My work on the biggest book I’ve ever had to read for school has finally come to an end.
Now it is time for the tale!
A World On Fire: Britain’s Crucial Role in the American Civil War by Amanda Foreman is less a book than it is an insanely-detailed anthology of two nations experiencing growing pains. I need not go into detail about the American Civil War — even an elementary school student can give a concise (if oversimplified) summary of the causes and events. But Great Britain was struggling with a changing national identity in the mid-19th century as well, though it was not as explosive or damaging as America’s. The Industrial Revolution had changed GB’s economy, Parliament was fiercely divided among Conservatives and Liberals who constantly argued over the pros and cons of the so-called “republican experiment” (a derisive term for American government), and while its former colonies struggled, the British went back and forth between showing their support for either side and maintaining a strict policy of neutrality.
Foreman has done an exhaustive amount of research, yet her writing style is definitely more “popular” than “historiographical”. The result is a book that can be easily read, yet also used as a secondary source for a scholarly article or paper (hence my interest in it). Its length, and the sheer volume of information contained therein, were the only downsides in my opinion. In trying to cram everything — battles, economics, politics, trade, finances, diplomacy — into one book, Foreman wrote something so massive that it’s difficult to wrap one’s brain around.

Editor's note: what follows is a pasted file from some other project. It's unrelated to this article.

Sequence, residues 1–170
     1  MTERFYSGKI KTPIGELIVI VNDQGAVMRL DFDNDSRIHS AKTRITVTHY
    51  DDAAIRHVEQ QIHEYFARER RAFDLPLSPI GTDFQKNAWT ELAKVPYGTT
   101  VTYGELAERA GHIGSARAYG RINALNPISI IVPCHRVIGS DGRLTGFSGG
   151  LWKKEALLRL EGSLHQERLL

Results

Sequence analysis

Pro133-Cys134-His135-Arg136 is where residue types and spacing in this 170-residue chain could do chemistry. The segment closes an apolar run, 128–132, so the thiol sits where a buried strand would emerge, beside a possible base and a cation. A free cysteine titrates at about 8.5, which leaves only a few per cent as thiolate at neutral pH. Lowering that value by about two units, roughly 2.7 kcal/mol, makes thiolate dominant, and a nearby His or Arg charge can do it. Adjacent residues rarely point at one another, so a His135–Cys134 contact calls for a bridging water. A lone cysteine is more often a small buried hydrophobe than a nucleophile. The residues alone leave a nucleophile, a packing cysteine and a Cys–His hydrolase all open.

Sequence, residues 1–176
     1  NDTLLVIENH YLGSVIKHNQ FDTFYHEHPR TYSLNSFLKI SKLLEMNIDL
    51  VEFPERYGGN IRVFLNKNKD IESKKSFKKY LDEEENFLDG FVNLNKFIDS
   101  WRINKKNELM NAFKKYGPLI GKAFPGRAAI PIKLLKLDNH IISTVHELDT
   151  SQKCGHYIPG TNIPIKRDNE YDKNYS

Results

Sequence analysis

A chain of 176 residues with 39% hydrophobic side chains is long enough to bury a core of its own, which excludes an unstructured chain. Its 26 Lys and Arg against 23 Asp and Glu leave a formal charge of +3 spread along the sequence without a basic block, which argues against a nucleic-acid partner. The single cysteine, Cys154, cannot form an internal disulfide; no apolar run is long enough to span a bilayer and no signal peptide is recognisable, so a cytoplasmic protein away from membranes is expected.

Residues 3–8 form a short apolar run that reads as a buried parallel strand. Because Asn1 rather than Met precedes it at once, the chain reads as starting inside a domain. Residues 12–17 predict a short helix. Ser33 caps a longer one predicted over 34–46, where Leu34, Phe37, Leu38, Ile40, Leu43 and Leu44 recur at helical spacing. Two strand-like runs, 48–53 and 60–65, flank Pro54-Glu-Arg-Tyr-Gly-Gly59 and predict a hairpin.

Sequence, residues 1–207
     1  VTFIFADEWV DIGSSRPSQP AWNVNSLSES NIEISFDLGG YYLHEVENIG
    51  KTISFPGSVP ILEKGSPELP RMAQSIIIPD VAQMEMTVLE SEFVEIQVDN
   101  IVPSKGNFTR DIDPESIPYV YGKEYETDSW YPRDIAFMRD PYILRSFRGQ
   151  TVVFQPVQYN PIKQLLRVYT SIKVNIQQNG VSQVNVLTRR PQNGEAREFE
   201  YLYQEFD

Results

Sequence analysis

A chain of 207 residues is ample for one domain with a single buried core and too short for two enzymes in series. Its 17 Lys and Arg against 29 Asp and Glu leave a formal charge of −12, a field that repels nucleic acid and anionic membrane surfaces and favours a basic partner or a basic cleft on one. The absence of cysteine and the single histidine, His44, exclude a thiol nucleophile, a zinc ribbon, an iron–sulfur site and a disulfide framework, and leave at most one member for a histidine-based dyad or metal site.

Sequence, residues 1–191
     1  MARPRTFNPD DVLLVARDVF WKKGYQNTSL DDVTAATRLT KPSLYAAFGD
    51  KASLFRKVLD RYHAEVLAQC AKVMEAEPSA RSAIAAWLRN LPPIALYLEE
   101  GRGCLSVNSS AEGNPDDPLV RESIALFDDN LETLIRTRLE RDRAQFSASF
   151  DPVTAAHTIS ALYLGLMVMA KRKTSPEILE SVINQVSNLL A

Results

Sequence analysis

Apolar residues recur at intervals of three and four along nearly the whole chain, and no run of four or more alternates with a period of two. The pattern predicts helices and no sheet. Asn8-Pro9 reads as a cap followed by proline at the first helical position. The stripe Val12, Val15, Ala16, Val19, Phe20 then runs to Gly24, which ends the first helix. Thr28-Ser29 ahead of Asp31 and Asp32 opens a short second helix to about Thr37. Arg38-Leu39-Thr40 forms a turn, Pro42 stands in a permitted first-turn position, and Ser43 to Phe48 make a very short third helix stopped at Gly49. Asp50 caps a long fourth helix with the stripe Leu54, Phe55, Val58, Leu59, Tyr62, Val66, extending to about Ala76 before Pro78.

But it is in the individual stories where she truly shines. Explaining the motivations and thought processes of many of the players in this extraordinary event in history is what Foreman really does best, and her storytelling is phenomenal.
Length: Goodreads says 988. My copy was over 1,000, but a large portion of this is eaten up by notes and bibliography. The actual number of pages read was 817. Still hefty, but not nearly 1,000 or over.
To Whom: I would generally say to the historian or history-enthusiast; I think it is really too large and detailed to hold the interest of the casual fan.